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Ellsworth Fund Ltd (NYSEMKT:ECF) is a close-end fund that trades on the New York Stock Exchange. Since its inception, it has been continuously managed by Thomas H. Dinsmore. ECF specializes in convertible securities. The fund has been around since 1986. There has been a decline in the issuance of convertible securities in the past few years, and ECF now has 12% of its assets in common stocks with high dividend yields. As of September 30, 2012, the yield on the common stocks was 3.99%.

Barclays Research has estimated the total value of the 520 domestic convertible securities at $209 billion, with an average yield of 4.2% and a conversion premium of 38.5%. This is a declining market sector which is generating less and less attention. It is still viable, and deserves our attention as an alternative to credit-sensitive fixed income securities or high-yielding common stocks. It does offer the best of both worlds. In addition, the discount of this closed-end fund from net asset value has been increasing and offers an added attraction, particularly when this discount approaches 15%

Performance and volatility, as of September 30, 2012, have been as follows:

Calendar YTD1 Year5 Year10 Year10-year Volatility
Market price14.30%18.41%2.08%5.34%15.64%
Net Asset value12.0117.752.236.0912.33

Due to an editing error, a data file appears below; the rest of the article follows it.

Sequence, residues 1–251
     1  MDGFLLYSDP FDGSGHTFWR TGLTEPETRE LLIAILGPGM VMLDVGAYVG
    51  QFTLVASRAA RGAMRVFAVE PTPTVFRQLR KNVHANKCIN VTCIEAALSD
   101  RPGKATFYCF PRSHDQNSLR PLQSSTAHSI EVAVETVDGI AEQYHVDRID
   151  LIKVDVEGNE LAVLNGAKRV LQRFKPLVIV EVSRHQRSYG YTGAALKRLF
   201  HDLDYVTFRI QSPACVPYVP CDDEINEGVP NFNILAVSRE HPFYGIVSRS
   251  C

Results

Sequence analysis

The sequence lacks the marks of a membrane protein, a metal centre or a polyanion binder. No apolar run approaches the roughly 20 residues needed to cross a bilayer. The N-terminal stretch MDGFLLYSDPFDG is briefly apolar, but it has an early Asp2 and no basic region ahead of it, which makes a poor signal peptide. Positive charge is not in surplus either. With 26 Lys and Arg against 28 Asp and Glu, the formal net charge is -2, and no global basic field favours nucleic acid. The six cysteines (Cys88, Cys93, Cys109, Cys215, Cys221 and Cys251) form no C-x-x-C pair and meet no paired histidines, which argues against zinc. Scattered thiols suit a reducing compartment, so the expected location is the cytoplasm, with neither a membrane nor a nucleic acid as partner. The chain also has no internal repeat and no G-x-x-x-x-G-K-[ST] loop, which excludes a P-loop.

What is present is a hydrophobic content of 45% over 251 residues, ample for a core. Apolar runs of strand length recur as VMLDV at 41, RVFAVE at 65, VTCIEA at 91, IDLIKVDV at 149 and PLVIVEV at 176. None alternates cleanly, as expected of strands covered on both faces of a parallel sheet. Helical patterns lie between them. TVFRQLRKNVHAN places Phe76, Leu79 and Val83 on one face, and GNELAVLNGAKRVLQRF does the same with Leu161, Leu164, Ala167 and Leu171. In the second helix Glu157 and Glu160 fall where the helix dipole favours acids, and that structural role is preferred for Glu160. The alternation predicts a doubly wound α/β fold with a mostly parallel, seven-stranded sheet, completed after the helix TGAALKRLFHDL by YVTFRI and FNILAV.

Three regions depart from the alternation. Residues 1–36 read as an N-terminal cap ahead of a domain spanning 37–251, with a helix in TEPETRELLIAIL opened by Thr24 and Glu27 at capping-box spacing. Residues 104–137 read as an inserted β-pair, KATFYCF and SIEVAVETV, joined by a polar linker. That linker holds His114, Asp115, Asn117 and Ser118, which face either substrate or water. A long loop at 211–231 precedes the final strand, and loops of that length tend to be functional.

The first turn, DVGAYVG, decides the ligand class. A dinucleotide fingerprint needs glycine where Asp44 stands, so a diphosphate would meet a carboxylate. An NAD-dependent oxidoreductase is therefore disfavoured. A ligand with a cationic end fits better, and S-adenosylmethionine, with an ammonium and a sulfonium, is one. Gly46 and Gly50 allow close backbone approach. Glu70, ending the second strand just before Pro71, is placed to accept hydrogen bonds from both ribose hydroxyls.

Bank of America US Cov. Index11.8316.632.807.9212.62
S & P 500 Index16.4430.181.058.0115.29

As of September 30, 2012, its 9 largest holdings constituted only 19.15% of assets, and were as follows:

Intel2.5%
Verizon2.4
Gilead Sciences2.4
AT & T2.3
Wells Fargo2.2
EMC2.1
Nuance Communications1.9
United Technologies1.7
Chesapeake Energy1.6
19.1%

Major industry exposure is well diversified with investments in its 10 largest industries representing only 57.3% of assets and being as follows:

Semiconductors10.3%
Pharmaceuticals7.5
Software6.9
Biotechnology6.4
Oil & Gas5.6
Telecommunications5.3
Insurance4.3
Metals & Mining4.2
Commercial Banks3.7
Computers3.1

This is a relatively small closed-end fund with gross assets of $114,153,893, of which 96.4% is invested. There is no leverage. The fund does not trade with any substantial liquidity, as its shareholders tend to sit on their stock. There are liquidity issues if buying in size. You must nibble with limit offers.

The breakdown in credit ratings is fairly conservative for investing in convertible securities and is as follows:

AAA1%
AA4
A20
BBB19
BB21
B12
CCC & less3
Not Rated20

As of September 30, 2012, ECF had unrealized appreciation of $7,196,792, capital loss carryforwards of $9,344,507 and other losses of $2,320,369.

For the past five years, ECF has produced reasonable income with reasonable expenses and an acceptable turnover ratio. Statistics for this period are as follows:

20122011201020092008
Market Value Return18.41%(7.13%)21.9%23.9%(33.3%)
Expense Ratio1.11.11.11.21.3
Investment Income Ratio2.32.63.55.53.6
Portfolio Turnover Rare3947627161
Net Asset Value Return17.75(2.82)16.46.1(21.01)

Conclusion:

This investment will never be a rocket, but it is well worth investing in for safety and return. It has been around a long time, and they know their business. The discount from net asset value has widened, and this adds to its appeal.

Source: Ellsworth Fund: A Convertible Bond Fund At A Discount